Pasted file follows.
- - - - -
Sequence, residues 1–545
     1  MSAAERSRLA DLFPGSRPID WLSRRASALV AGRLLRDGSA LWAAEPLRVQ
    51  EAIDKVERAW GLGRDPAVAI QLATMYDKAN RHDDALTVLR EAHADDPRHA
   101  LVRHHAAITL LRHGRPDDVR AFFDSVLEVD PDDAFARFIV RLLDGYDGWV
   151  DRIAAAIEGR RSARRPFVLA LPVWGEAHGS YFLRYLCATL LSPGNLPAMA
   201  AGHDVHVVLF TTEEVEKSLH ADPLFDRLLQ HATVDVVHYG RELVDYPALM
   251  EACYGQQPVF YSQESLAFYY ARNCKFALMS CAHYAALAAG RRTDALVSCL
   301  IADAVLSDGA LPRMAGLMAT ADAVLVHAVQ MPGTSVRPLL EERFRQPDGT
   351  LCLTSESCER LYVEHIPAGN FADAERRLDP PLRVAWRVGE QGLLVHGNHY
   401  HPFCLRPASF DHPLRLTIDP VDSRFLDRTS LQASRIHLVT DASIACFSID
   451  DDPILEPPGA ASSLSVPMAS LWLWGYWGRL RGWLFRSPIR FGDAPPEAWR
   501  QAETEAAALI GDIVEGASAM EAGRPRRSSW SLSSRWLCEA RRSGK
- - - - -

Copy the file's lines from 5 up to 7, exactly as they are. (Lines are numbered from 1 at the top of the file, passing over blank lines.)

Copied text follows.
   151  DRIAAAIEGR RSARRPFVLA LPVWGEAHGS YFLRYLCATL LSPGNLPAMA
   201  AGHDVHVVLF TTEEVEKSLH ADPLFDRLLQ HATVDVVHYG RELVDYPALM
   251  EACYGQQPVF YSQESLAFYY ARNCKFALMS CAHYAALAAG RRTDALVSCL